Before establishing your own super fund, it is vital to understand what is involved and whether you are suited to running a SMSF. So, take some time to think about these points before making a final decision. 

Please speak with  your financial planner or accountant to see if a SMSF is right for you. Alternatively, you can call us at Tactical Solutions to discuss your options.


1 Australian Taxation Office. (April 2012). Self-managed superannuation funds: A statistical overview. Retrieved from ato.gov.au.
2 Australian Taxation Office. (November 2011). Thinking about self-managed super. Retrieved from ato.gov.au.

“Before establishing your own super fund, it is vital to understand what is involved and whether you are suited to running a SMSF.”  

Any advice in this document is general in nature and is provided by AMP Life Limited ABN 84 079 300 379 (AMP Life). The advice does not take into account your personal objectives, financial situation or needs. Therefore, before acting on this advice, you should consider the appropriateness of this advice having regard to those matters and consider the Product Disclosure Statement before making a decision about the product. AMP Life is part of the AMP group and can be contacted on 131 267. If you decide to purchase or vary a financial product, AMP Life and/or other companies within the AMP group will receive fees and other benefits, which will be a dollar amount or a percentage of either the premium you pay or the value of your investments. You can ask us for more details.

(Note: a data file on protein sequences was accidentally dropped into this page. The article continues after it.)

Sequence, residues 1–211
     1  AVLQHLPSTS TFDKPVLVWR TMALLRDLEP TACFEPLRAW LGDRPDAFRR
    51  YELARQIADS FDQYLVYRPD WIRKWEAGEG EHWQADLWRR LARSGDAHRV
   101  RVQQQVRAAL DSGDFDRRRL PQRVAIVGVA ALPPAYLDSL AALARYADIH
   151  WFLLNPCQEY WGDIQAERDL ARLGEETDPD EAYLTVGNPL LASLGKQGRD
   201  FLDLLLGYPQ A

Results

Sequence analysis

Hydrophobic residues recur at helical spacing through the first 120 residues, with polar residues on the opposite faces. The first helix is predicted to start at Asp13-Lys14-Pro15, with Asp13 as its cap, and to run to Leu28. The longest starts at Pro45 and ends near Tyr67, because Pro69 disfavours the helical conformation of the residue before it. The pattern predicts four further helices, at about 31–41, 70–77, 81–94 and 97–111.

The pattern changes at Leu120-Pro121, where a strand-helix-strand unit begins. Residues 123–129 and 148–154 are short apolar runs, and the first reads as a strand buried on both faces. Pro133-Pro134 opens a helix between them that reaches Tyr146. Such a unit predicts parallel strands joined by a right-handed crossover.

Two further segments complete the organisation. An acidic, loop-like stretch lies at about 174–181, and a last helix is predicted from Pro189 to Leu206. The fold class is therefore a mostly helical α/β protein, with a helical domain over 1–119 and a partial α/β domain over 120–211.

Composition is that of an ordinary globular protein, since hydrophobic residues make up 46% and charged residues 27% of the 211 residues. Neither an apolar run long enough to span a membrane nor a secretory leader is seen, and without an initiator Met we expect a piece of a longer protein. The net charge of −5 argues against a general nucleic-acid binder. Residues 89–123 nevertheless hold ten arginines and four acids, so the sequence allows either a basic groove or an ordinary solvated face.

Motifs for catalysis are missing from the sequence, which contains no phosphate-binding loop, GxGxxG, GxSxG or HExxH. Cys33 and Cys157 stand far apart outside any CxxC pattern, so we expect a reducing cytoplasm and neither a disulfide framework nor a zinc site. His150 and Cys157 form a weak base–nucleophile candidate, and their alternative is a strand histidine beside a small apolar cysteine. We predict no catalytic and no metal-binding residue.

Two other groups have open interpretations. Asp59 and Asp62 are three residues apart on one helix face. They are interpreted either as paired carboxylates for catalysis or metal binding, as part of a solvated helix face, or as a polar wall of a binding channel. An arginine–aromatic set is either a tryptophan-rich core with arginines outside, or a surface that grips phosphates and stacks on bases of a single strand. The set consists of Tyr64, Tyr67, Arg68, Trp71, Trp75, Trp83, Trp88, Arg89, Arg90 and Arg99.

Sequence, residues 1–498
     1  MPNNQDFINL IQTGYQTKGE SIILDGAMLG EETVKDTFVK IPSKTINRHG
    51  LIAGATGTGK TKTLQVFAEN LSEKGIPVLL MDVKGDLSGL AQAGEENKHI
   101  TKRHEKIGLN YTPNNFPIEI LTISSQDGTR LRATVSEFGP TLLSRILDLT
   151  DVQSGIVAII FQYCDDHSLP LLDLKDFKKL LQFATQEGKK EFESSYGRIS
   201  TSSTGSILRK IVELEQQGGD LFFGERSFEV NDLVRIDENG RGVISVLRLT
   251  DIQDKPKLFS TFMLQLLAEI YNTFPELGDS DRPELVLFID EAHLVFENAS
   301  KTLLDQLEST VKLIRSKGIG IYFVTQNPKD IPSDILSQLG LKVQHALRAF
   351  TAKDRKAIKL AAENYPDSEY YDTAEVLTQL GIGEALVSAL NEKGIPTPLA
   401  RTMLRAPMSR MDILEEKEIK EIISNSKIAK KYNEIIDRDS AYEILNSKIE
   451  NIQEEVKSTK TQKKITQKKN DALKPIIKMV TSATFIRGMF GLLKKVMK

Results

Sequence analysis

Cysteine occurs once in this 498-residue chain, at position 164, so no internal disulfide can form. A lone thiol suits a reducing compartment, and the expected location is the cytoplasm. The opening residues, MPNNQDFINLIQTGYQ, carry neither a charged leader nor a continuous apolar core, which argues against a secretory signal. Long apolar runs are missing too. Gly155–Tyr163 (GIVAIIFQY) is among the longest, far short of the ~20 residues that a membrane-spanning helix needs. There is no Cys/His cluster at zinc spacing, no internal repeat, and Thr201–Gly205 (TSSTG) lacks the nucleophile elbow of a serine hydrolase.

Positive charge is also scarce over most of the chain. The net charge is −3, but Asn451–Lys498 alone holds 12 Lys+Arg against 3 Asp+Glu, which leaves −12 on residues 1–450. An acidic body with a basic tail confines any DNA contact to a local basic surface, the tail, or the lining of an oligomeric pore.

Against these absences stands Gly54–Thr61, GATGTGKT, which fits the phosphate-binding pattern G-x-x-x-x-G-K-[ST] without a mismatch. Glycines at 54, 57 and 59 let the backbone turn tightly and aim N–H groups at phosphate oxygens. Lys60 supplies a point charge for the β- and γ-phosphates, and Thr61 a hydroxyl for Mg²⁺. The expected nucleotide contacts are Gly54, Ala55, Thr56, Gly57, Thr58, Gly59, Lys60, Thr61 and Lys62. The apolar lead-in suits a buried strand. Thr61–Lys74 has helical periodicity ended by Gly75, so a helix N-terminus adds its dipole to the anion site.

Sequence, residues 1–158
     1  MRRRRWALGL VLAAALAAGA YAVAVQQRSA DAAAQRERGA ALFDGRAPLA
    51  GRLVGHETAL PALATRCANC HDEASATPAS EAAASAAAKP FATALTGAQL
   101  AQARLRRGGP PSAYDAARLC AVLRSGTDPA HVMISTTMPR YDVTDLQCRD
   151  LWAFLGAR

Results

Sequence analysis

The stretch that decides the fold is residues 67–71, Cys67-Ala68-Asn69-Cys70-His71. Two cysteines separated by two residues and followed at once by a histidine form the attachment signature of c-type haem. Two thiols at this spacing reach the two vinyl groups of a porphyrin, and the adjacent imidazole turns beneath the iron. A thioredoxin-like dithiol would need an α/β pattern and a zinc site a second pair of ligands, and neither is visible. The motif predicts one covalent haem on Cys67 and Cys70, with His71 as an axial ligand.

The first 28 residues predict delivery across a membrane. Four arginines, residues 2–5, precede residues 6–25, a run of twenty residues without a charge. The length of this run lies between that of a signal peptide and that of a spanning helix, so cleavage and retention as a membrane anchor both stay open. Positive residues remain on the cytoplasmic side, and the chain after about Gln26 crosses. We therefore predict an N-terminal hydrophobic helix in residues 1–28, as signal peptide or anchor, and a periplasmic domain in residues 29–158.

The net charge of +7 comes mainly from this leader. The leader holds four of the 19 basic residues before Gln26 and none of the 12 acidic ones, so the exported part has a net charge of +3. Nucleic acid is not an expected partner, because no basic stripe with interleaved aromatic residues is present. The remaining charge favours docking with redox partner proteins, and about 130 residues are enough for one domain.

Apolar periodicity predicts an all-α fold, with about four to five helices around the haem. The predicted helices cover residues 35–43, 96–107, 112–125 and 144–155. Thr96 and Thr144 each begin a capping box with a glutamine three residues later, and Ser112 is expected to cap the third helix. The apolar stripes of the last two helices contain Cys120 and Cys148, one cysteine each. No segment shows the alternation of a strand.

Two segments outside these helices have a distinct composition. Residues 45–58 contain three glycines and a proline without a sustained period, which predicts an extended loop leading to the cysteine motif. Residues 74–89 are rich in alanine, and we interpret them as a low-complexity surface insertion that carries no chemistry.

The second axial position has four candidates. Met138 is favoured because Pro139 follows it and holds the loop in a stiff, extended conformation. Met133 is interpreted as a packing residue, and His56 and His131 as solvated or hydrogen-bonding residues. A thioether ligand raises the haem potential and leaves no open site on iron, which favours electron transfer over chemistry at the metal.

Take ‘super’ care of yourself

While you’re looking after the kids, who’s looking after you? Find out how to minimise a super shortfall and, better yet, boost your super.

Taking time out of the paid workforce to start a family can make it difficult to accumulate enough super for a comfortable retirement.

According to the Association of Superannuation Funds of Australia a three-year break from the paid labour force, say five years into a career, can lead to an eventual retirement payout of about $27,000 less than it otherwise may have been.